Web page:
The federal Tick-Borne Disease Working Group last week issued its first report to Congress, confirming what Lyme disease patients and their caregivers have known for decades—that there is a “serious and growing threat” of tick-borne diseases throughout the nation, and that the government needs to invest more in research, prevention and treatment of these illnesses.
The panel was first convened in December 2017 by the Department of Health and Human Services (HHS) in accordance with the 21st Century Cures Act. Its mission was to bring together scientists, researchers, physicians, and policy experts along with patients and their families to make recommendations that address the spread of tick-borne diseases. Two more reports will follow over the next four years.
“This document is an important first step by the U.S. government in acknowledging what we know must be done to curb the growing Lyme and tick-borne diseases epidemic and end the long-term suffering of hundreds of thousands of individuals,” said Timothy J. Sellati, Ph.D., Global Lyme Alliance’s (GLA) Chief Scientific Officer. “We thank everyone for their hard work and particularly commend the Working Group’s Chair—John Aucott, M.D., a GLA research grantee— for his leadership.”
Numerous recommendations related to Lyme and other tick-borne diseases are included in the 108-page report. Here are a few that GLA believes are particularly urgent:
Research New Diagnostic Tests (Recommendation 5.1)
For years, a Lyme disease diagnosis has been problematic. The standard two-tiered test used by mainstream medical authorities and insurance companies is highly unreliable, failing to pick up early disease more than 55% of the time. GLA supports the Working Group’s recommendation to “evaluate new technology or approaches for the diagnosis of Lyme and other tick-borne diseases.” GLA has long stressed the urgent need to develop accurate, dependable diagnostics and methodologies that can lead to reliable diagnostic testing and we are currently funding the development of several such tests.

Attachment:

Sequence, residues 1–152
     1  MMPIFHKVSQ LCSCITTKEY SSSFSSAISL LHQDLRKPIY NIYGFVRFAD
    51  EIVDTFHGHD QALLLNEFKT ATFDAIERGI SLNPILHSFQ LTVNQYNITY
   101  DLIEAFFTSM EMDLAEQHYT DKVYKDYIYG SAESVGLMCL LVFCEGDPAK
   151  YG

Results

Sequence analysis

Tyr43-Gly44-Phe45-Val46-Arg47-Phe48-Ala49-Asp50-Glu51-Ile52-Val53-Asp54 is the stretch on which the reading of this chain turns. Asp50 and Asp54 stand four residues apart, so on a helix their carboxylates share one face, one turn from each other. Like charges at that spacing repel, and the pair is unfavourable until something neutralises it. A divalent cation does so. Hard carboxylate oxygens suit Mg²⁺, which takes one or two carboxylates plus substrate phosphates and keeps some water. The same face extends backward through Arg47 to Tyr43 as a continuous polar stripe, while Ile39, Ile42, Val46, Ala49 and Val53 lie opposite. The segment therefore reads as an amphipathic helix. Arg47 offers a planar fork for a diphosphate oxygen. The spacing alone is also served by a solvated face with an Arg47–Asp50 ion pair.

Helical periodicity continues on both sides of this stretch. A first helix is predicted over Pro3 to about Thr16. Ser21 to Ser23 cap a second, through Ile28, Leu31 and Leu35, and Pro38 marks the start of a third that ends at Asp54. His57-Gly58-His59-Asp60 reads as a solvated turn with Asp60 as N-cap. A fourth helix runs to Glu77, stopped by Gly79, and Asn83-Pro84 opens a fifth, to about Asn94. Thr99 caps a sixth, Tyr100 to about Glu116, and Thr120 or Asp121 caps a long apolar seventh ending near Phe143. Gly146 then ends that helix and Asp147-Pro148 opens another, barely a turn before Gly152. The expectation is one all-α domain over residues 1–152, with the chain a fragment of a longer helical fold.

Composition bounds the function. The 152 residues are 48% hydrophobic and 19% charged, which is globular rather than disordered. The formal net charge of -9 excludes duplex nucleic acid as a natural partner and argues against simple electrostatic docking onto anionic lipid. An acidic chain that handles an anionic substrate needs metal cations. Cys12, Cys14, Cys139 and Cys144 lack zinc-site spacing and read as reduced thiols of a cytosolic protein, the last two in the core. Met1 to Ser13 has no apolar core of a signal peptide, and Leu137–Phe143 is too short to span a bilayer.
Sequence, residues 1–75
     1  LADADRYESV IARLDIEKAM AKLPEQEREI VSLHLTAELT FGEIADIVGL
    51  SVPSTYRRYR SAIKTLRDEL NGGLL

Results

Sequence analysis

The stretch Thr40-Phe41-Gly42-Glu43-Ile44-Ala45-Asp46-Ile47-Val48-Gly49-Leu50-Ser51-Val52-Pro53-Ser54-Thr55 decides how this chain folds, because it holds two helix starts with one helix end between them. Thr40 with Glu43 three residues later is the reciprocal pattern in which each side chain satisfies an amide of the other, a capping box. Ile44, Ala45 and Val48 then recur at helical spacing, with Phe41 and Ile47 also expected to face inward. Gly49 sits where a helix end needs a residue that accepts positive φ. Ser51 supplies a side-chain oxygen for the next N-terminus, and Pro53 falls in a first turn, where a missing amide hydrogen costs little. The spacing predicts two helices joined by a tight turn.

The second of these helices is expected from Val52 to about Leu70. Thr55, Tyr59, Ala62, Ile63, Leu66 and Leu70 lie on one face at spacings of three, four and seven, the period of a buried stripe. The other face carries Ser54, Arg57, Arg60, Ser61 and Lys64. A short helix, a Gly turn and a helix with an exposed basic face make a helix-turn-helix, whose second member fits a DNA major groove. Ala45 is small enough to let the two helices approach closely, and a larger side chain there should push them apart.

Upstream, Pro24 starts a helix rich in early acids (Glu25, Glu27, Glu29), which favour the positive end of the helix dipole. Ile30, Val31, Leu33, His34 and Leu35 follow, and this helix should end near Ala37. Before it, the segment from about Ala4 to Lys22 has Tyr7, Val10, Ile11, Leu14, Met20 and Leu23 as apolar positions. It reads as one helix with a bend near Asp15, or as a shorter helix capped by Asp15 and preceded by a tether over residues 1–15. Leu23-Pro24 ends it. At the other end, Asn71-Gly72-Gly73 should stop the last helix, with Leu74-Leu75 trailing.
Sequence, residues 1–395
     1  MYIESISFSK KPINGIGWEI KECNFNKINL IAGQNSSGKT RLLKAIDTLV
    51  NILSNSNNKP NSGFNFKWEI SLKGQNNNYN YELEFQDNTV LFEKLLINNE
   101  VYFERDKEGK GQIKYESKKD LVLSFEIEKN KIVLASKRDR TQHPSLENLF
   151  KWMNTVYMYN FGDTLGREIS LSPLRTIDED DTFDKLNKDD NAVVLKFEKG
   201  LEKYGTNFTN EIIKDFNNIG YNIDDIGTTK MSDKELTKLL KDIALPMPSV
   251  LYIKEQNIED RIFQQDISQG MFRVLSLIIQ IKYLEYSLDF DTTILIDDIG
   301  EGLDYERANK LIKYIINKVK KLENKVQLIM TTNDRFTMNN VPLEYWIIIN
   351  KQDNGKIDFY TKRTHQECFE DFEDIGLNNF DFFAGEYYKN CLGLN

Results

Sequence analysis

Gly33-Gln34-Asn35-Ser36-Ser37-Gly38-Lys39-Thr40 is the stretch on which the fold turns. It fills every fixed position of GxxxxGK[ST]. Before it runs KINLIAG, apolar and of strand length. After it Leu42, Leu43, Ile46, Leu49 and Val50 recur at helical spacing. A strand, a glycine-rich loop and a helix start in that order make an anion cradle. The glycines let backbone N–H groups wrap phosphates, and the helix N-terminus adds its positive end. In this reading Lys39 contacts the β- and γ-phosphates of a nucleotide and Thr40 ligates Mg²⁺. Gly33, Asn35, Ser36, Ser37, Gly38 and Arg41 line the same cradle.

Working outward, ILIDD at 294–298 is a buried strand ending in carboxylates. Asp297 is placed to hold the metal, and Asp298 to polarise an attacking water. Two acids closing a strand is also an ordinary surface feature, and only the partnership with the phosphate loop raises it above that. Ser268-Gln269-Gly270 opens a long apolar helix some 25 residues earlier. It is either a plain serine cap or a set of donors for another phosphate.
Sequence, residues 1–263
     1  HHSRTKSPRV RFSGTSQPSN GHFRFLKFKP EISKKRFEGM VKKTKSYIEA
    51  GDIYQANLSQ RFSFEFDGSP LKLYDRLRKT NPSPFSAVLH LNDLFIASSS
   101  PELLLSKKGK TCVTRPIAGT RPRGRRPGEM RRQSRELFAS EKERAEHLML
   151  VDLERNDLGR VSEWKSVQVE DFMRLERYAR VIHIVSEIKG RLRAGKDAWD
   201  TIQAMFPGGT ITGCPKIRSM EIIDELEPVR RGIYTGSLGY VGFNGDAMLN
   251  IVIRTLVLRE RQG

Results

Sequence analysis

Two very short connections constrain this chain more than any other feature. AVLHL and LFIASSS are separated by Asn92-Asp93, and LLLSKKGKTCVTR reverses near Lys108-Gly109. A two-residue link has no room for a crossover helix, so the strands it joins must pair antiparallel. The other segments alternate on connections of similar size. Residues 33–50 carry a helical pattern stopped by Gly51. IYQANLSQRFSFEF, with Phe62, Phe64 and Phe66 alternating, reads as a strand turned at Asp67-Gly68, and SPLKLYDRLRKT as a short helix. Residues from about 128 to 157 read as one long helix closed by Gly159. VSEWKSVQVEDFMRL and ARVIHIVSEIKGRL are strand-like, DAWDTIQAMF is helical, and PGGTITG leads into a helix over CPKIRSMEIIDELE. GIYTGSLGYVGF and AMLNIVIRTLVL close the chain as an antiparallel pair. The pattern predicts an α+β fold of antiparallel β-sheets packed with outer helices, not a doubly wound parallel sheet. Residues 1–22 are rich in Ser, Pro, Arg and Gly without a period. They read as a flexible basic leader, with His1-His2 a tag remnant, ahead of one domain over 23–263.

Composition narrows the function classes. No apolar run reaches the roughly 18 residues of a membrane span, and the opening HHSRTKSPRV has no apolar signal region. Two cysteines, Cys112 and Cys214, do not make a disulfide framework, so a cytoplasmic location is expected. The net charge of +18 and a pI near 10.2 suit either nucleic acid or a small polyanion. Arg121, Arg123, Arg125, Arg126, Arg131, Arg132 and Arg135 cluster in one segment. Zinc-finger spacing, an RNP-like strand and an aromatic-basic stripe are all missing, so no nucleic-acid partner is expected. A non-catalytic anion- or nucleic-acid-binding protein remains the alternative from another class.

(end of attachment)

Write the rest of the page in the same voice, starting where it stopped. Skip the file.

Expand Knowledge of Persistent Illness (Recommendation 6.1)
Even if treated early, up to 20% of individuals bitten by ticks fail early treatment and become chronically ill. GLA believes strongly in the need to study long-term persistence of symptoms. Thanks to early support from GLA, which included a 2013-14 research grant, Northeastern University’s Kim Lewis, Ph.D., identified not only Borrelia burgdorferi persisters, but also a regimen for eradicating chronic bacterial infections. Under the aegis of a 2017-18 GLA grant, Dr. Lewis continues to identify drugs and drug combinations useful for treating Lyme disease more effectively than current therapies. Another GLA grantee, Ying Zhang, M.D., Ph.D., of Johns Hopkins Bloomberg School of Public Health, is studying how essential oils can kill persister bacteria where traditional antibiotics fail and how antibodies against persister antigens may better identify Post Treatment Lyme disease Syndrome patients.”
Educate More Health Care Professionals (Recommendation 4.4)
With far too many patients still being initially misdiagnosed, the Working Group recognized the importance of educating more health care professionals about Lyme and other tick-borne diseases. GLA has long been committed to educating the medical community about Lyme through its CME-accredited educational programs for healthcare professionals. Moreover, our Physician Training Program allows clinicians to study alongside physicians experienced in diagnosing and treating Lyme and its co-infections.
“We commend HHS for its efforts to increase awareness of Lyme disease,” said Dr. Sellati. “It is our hope that Congress will now provide the essential funding to advance Lyme research and education programs. Ever since 1998 when Global Lyme Alliance funded its first research initiative, we have been working to shift the paradigm for Lyme disease research, and we appreciate the new impetus in federal involvement.”
In a separate release on the state of tick-borne diseases in the U.S., the Centers for Disease Control and Prevention (CDC) last week upped its projection of those in the U.S. infected annually by Lyme to 42,743 cases. Using the CDC’s own estimate that Lyme is under-reported by a factor of 10, this means there are 427,430 new cases reported a year.